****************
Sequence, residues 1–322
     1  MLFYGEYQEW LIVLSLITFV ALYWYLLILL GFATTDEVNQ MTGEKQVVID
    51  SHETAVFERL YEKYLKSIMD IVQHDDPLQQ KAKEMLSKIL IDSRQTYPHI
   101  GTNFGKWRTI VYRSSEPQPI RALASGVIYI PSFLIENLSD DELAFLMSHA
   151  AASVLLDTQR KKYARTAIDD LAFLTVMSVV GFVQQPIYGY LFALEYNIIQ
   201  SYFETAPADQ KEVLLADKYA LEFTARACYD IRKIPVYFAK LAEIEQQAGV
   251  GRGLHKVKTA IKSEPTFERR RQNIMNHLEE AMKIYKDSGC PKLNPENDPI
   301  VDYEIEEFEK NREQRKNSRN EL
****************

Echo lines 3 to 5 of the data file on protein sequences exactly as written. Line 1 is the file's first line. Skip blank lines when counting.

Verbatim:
    51  SHETAVFERL YEKYLKSIMD IVQHDDPLQQ KAKEMLSKIL IDSRQTYPHI
   101  GTNFGKWRTI VYRSSEPQPI RALASGVIYI PSFLIENLSD DELAFLMSHA
   151  AASVLLDTQR KKYARTAIDD LAFLTVMSVV GFVQQPIYGY LFALEYNIIQ